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Sunday, January 30, 2011

I Love Touring Italy - Carnevale in Molise

altilia in moliseImage by renatela via Flickr

Molise is a small region located in central Italy on the Adriatic Sea. Carnevale in this region tends to have somber aspects, arguably more so than in much of the rest of Italy. We'll do things a little different here than in most of our other articles of this series. We will focus on the most significant, often the darkest aspect of Carnevale as held in several Molise villages and small towns.

Castelnuovo del Volturno is a village of some 250 inhabitants. Carnevale here centers around a man in a deer costume, dressed in rough skins whose face is covered in black and sports horns. Deer Man struggles against a masked man known as "Pulcinella" and escapes looking for food. He is caught by an angry hunter who beats him. In another version Deer Man wreaks havoc among the cattle until he is stopped by the saintly Friar Martin. He is then resurrected, an act that purifies him and the entire community whose sins he symbolizes. The villages of Carpinone, Forli del Sannio, and Roccasicura put celebrate Carnevale by putting on trail a carnival puppet known as "Fantoccio". He is found guilty and burnt at the stake. In the village of Sant'Agapito his smouldering corpse is tossed off a cliff.

In the village of Tufara Carnevale begins with a street festival featuring joyous groups of painted, masked musicans. But storm clouds gather and a procession of the devil, the central figure of this Carnevale, accompanied by several figures dressed in white who keep him in chains until the evening's trail. Do you think you can you guess how the trial ends? Soldiers fire several live shots, just to make sure that this devil gets his due.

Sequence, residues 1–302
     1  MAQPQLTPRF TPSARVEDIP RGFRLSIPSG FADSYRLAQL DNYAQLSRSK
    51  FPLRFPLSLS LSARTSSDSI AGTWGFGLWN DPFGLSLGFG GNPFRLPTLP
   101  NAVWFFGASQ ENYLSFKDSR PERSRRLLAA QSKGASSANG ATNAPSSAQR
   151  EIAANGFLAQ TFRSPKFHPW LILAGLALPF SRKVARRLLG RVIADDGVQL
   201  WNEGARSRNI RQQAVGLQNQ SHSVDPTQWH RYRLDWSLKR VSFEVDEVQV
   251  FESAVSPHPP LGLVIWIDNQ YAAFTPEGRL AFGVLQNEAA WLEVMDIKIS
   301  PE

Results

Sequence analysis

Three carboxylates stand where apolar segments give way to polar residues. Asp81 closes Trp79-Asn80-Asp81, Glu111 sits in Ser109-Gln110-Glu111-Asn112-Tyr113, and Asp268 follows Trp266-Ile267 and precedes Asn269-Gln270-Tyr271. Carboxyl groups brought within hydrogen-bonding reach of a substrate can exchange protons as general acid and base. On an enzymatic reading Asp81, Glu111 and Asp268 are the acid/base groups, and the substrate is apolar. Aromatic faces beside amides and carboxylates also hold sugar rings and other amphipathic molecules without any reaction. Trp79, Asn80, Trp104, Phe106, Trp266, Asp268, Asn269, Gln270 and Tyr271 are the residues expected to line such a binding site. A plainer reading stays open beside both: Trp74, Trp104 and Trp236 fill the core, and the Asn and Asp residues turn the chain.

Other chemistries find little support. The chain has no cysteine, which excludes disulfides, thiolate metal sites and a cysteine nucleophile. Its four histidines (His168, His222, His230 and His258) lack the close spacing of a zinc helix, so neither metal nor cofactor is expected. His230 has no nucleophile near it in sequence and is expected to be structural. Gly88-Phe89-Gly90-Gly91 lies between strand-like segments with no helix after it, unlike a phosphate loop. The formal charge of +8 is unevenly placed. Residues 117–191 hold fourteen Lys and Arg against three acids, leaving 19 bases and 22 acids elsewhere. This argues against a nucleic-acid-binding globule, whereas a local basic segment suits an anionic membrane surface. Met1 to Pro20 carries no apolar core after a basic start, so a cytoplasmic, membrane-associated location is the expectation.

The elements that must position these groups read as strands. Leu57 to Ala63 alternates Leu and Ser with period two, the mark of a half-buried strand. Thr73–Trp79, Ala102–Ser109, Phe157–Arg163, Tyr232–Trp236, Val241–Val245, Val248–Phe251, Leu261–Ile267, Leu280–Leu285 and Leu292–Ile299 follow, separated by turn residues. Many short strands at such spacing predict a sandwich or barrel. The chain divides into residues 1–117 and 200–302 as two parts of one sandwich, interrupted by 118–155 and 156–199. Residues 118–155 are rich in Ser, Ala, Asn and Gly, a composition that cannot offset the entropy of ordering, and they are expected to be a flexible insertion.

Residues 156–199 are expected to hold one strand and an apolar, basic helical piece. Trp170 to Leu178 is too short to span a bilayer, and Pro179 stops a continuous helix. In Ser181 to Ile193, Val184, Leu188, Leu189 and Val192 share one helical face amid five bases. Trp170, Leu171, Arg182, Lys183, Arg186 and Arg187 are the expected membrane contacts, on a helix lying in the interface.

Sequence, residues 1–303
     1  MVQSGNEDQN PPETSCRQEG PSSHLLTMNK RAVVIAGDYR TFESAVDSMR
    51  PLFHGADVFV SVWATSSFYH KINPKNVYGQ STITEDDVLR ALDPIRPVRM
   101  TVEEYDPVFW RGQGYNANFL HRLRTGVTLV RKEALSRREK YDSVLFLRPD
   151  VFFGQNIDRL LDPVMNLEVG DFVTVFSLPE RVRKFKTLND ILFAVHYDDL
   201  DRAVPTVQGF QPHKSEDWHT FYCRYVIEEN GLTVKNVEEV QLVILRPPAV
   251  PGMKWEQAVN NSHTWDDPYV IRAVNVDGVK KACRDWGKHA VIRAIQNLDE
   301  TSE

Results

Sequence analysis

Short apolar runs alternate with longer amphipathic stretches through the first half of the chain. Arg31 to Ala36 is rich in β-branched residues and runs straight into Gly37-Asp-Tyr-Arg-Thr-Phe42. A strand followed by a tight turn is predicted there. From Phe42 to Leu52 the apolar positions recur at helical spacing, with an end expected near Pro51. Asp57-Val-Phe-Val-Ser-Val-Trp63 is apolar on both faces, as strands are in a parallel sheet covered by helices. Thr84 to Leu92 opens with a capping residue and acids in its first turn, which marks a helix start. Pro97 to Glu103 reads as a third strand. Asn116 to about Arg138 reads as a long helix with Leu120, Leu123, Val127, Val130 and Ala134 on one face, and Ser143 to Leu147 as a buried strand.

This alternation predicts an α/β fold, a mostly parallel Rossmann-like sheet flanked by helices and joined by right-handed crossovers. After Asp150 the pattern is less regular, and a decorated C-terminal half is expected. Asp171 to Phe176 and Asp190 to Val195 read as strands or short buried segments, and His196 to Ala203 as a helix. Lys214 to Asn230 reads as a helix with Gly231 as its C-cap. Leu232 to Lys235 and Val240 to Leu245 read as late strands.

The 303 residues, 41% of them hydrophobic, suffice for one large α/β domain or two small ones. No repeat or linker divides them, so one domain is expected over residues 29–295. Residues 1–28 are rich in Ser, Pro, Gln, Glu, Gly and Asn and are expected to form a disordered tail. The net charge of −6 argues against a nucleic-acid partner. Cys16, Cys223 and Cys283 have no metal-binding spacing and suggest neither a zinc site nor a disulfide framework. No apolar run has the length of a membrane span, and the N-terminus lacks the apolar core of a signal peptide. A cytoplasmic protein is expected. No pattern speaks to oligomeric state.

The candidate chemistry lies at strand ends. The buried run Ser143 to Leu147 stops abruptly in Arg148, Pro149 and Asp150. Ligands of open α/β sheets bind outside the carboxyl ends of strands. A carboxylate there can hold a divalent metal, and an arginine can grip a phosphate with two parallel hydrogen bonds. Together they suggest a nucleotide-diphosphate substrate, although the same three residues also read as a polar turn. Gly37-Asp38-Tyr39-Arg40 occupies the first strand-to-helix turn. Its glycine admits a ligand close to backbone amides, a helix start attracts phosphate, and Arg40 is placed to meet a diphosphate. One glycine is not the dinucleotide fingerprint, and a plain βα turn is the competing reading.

A not so violent activity is the "cheese game" held in the small town of Vinchiaturo. Competing teams throw large rounds of cheese down the street. Let's fervently hope that nobody gets hurt. Let's also hope that this delicious Italian cheese doesn't go to waste. Another gastronomical event is "La Raviolata". This event features the famous Scapoli ravioli, served to the hungry masses on the last Sunday of Carnevale in the village of that name.

For many Molise villages and towns Carnivale centers around a puppet dressed in black, with flax in his hand and a potato behind with seven chicken feathers attached. He is often suspended from balconies or from wires hanging in the yards. Even if it's after Carnevale don't miss the Good Friday processions in Campodipietra, Ferrazzano, Riccia, and Termoli.

Levi Reiss authored or co-authored ten computer and Internet books, but would rather drink fine French wine with friends. He teaches classes in computers at an Ontario French-language community college. Visit his Italian travel, wine, and food website and his global wine website featuring a weekly review of $10 wines and new sections writing about and tasting organic and kosher wines.



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